If investors could take every earnings report at face value, picking stocks would be a lot easier. However, there are unending ways for companies to define, compare, and revise their numbers to make them look better. The other day I saw an earnings report with words like, excluding, adjusted, and corrected, and they were all used in conjunction to adjust a number. While not as egregious as “excluding, corrected, and adjusted,” PNC Financial Services (NYSE:PNC) absolutely refuses to report organic growth.
It’s frustrating as an investor when a company won’t just own up to what is going on. Some companies have recently explained a decline in their margins with the catch phrase “investment in price competitiveness.” What they really mean to say is, they couldn’t sell their stuff because competition was killing them, so they had to lower prices to compete.
I won’t stay on this soapbox, but the only thing more annoying than this is when a company won’t give comparisons without the benefit of a merger. If you take PNC Financial Services (NYSE:PNC)’s earnings report at face value, the company appears to be doing well, but what about when the RBC acquisition benefits wear off?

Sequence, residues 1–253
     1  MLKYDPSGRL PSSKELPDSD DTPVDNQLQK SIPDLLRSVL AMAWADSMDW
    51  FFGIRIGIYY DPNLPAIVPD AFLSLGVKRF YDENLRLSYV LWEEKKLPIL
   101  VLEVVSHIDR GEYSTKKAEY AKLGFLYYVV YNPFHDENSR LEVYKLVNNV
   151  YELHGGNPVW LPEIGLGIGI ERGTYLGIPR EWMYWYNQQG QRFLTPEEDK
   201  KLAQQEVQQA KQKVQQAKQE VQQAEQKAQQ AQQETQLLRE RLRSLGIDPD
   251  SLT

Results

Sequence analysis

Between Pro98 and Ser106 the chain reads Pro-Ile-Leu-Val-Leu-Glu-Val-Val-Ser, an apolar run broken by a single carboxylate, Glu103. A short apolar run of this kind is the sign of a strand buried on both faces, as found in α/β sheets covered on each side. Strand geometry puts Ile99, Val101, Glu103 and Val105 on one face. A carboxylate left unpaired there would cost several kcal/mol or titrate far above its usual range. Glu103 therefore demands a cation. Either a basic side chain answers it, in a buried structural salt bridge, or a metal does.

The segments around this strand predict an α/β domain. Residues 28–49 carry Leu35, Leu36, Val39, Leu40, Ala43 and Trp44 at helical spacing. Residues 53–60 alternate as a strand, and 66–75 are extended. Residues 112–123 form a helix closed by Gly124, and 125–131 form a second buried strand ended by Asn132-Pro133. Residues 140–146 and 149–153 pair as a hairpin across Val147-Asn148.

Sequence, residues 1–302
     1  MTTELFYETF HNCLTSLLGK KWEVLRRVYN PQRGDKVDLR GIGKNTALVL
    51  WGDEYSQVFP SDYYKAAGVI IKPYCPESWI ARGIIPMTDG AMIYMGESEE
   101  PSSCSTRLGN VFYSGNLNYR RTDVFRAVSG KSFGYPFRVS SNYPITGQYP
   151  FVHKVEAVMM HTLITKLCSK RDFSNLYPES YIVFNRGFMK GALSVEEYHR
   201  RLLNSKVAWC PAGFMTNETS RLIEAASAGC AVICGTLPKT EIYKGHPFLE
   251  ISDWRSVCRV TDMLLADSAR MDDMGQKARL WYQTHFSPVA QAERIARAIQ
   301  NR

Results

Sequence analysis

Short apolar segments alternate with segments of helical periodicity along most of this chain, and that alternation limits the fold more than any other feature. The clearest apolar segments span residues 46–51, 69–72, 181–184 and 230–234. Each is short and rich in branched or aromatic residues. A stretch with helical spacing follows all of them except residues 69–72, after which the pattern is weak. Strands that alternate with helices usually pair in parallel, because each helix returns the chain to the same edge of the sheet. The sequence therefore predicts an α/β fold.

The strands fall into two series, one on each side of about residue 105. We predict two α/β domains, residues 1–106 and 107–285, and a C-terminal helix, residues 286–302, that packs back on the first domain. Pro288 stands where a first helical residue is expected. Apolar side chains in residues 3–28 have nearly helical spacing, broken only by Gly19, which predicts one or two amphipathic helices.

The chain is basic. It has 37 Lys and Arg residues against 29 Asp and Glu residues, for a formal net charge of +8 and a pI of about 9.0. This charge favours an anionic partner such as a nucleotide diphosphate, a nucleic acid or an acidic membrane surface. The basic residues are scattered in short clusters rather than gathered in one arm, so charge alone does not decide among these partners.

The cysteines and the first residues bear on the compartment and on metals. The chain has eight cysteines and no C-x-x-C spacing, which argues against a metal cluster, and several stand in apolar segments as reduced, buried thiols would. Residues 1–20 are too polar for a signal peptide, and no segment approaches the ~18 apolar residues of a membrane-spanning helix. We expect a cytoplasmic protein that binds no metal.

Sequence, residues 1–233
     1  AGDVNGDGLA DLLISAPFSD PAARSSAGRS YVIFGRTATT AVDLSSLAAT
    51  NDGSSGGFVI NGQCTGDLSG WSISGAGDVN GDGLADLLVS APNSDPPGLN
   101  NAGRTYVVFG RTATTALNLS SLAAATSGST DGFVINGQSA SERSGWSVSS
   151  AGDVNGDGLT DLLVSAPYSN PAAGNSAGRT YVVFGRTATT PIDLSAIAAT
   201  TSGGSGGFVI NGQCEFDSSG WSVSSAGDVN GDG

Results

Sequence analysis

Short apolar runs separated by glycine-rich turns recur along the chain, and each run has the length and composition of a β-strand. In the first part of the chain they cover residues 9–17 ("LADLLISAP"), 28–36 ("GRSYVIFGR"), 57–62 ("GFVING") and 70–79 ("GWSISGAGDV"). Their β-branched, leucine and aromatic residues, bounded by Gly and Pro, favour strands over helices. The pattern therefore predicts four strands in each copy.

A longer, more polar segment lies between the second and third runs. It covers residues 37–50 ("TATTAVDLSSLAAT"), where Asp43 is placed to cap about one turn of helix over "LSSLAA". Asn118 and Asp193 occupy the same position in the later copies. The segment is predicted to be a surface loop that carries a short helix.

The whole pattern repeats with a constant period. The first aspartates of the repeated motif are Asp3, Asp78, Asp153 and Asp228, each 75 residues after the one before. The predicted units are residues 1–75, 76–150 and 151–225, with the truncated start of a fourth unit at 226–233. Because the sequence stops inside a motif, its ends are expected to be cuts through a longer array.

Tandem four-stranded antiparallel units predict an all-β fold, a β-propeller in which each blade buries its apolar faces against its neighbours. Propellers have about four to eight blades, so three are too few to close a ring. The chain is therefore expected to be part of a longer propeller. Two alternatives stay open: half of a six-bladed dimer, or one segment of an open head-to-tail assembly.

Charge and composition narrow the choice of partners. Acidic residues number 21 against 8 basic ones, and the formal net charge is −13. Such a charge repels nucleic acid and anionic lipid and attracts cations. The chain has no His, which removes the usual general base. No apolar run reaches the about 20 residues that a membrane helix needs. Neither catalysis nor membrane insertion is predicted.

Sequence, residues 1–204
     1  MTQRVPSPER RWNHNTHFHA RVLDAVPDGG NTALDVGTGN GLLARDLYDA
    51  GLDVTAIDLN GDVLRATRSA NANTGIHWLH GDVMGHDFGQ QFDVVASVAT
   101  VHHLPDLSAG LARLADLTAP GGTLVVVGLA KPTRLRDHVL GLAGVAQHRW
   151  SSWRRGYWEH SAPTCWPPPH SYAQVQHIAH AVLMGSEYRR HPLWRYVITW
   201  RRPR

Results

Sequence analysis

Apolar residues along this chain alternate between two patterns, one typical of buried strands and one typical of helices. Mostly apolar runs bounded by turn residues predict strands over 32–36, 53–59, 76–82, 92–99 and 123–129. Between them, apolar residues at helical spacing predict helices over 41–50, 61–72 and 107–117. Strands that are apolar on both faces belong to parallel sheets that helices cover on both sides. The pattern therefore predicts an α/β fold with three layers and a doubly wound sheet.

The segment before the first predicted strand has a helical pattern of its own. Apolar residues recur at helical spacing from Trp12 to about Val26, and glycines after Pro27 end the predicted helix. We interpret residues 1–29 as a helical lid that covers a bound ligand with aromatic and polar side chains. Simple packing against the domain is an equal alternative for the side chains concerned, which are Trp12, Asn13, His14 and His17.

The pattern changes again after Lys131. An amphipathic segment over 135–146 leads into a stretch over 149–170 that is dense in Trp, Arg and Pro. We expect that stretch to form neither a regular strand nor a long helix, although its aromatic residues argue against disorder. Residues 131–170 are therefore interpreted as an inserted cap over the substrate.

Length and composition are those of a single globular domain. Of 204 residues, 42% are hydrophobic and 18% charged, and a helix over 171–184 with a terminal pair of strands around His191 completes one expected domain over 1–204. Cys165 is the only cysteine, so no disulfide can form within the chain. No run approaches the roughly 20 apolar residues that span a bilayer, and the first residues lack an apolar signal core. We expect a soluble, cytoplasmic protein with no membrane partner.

Good Results…I Think
If we compare PNC Financial Services (NYSE:PNC)’s results to some of their peers like BB&T Corporation (NYSE:BBT), M&T Bank Corporation (NYSE:MTB), or Capital One Financial Corp (NYSE:COF), the company looks like it’s doing pretty well. If the lifeblood of banking is deposits and loans, PNC Financial Services (NYSE:PNC) is doing fine.
On the deposit side of the house, PNC Financial Services (NYSE:PNC) reported average deposits up 9%, but included that this was due to the benefit of the RBC acquisition. The only peer to report better deposit growth was Capital One Financial Corp (NYSE:COF), which had its own large acquisition of some ING assets. Including ING, Capital One reported deposit growth of 24.25%. PNC Financial Services (NYSE:PNC)’s peers that are growing more organically reported 4.7% deposit growth at BB&T Corporation (NYSE:BBT), and 7% deposit growth from M&T Bank Corporation (NYSE:MTB).
When it comes to loans, PNC reported a 13% increase, but again the RBC acquisition was included. In similar fashion, Capital One reported a jump of 28.19% in loans, because of their acquisition of some HSBC assets. By comparison, BB&T Corporation (NYSE:BBT) grew loans by 5.3%, and M&T reported an 8% increase. What PNC and Capital One’s numbers would have been without these acquisitions, we may never know.